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EARTH OBSERVATION
Last look at Sentinel-1
by Staff Writers
Paris (ESA) Apr 02, 2014


Soyuz VS07 was transferred from the preparation building MIK to the Soyuz launch zone of the Europe's Spaceport in French Guiana, on 31 March 2014. The vehicle was rolled out horizontally on its erector from the MIK to the launch zone and then raised into the vertical position. Soyuz VS07 will lift off on 3 April 2014. The rocket will carry Sentinel-1, the first in the family of Copernicus satellites. This satellite will be used to monitor many aspects of our environment, from detecting and tracking oil spills and mapping sea ice to monitoring movement in land surfaces and mapping changes in the way land is used. It will also play a crucial role in providing timely information to help respond to natural disasters and assist humanitarian relief efforts. Image courtesy ESA-S. Corvaja, 2014.

As preparations for the launch of the first satellite for Copernicus continue on track, the team at Europe's Spaceport in Kourou, French Guiana has said farewell to Sentinel-1A as it was sealed from view within the rocket fairing. Liftoff is set for 21:02 GMT (23:02 CEST) on Thursday.

Marking another milestone on the road to launch, the Soyuz rocket has been rolled out and raised on the launch pad.

Thursday's launch will also mark a new era in Earth observation for operational applications. As meteorological satellites provide routine observations for weather forecasting, the Sentinel missions will feed environmental services through Europe's Copernicus programme.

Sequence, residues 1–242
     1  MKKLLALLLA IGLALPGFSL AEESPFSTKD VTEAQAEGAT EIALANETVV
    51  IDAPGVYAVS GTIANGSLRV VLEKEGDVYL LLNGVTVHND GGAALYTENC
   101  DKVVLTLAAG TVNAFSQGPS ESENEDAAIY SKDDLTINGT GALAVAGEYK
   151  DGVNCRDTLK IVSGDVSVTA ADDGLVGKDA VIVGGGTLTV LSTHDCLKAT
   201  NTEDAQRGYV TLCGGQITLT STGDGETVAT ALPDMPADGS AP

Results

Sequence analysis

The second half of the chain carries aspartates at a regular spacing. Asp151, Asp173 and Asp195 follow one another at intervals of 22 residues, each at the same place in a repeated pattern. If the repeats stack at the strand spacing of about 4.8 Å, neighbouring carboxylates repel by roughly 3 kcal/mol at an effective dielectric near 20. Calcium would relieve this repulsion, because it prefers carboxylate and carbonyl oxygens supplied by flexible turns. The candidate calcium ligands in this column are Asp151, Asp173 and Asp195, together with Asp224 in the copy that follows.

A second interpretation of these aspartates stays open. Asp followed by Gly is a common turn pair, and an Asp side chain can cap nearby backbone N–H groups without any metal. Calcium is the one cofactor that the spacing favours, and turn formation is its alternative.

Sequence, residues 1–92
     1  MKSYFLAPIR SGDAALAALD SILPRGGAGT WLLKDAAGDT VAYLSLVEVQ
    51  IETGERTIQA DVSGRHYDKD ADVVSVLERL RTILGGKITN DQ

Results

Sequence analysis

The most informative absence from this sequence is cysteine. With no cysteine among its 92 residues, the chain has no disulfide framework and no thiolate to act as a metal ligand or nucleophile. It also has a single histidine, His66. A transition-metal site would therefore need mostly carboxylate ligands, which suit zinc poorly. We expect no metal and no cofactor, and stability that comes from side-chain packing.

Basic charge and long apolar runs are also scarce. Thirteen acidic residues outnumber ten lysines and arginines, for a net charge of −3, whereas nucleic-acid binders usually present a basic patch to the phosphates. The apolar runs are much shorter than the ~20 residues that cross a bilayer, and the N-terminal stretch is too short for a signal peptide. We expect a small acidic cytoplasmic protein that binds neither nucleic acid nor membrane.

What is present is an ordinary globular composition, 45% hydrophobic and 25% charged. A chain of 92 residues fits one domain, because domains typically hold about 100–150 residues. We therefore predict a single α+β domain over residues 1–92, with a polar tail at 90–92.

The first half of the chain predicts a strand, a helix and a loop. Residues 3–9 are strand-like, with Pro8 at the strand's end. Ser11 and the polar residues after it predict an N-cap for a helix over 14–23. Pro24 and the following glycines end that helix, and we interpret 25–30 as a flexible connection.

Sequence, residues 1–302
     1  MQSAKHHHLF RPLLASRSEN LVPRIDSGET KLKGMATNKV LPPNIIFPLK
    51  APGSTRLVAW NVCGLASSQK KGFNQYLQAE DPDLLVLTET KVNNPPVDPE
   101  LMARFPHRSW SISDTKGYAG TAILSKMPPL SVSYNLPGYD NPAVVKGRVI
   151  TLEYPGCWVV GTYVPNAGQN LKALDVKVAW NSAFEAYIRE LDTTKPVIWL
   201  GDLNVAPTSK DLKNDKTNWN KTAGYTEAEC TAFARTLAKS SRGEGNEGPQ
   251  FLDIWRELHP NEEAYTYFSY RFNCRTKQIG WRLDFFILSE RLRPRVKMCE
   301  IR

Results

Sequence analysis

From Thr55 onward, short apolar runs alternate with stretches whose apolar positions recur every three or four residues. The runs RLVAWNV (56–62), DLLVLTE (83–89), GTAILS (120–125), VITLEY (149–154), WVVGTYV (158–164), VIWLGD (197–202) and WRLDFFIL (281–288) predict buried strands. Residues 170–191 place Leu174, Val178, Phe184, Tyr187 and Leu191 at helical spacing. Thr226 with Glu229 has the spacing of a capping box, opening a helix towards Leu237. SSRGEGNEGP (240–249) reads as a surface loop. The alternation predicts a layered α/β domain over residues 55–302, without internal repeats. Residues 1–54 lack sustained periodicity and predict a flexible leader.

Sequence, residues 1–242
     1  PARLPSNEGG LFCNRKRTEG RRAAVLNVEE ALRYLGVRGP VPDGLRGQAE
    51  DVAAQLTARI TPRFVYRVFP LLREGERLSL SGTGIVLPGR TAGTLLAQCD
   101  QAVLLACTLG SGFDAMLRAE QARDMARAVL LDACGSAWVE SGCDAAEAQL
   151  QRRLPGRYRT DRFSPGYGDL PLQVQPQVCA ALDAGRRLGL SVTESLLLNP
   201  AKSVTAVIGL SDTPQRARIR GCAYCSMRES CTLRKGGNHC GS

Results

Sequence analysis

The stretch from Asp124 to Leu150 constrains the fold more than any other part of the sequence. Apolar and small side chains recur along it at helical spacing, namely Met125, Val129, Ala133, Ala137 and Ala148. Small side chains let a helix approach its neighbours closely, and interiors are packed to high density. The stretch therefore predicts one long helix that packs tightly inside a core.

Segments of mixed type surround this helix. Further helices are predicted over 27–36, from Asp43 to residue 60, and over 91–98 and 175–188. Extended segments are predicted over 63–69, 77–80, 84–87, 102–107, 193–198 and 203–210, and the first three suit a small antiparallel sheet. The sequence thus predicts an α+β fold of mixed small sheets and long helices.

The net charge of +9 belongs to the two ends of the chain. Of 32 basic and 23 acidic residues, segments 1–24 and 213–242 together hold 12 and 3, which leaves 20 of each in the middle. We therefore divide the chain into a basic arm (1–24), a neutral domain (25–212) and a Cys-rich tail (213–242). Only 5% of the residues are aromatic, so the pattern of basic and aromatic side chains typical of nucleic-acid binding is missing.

This first Sentinel satellite carries an advanced radar to scan Earth's surface in all weather conditions and regardless of whether it is day or night.

It will be used to care for many aspects of our environment, from detecting and tracking oil spills and mapping sea ice to monitoring movement in land surfaces and mapping changes in the way land is used.

It will also play a crucial role in providing timely information to help respond to natural disasters and help humanitarian efforts.

For optimal coverage and data delivery, the mission is designed as a constellation of two identical satellites - Sentinel-1B will join Sentinel-1A in orbit next year.

Sentinel-1A has been at the launch site for just over a month and gone through a series of stringent tests. After being fuelled, it was joined to the Fregat upper stage rocket before being encapsulated in the fairing.

This 'upper composite' is now being moved to the launch pad where it will be placed on top of the Soyuz rocket in readiness for liftoff on Thursday.

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Related Links
Sentinel-1 at ESA
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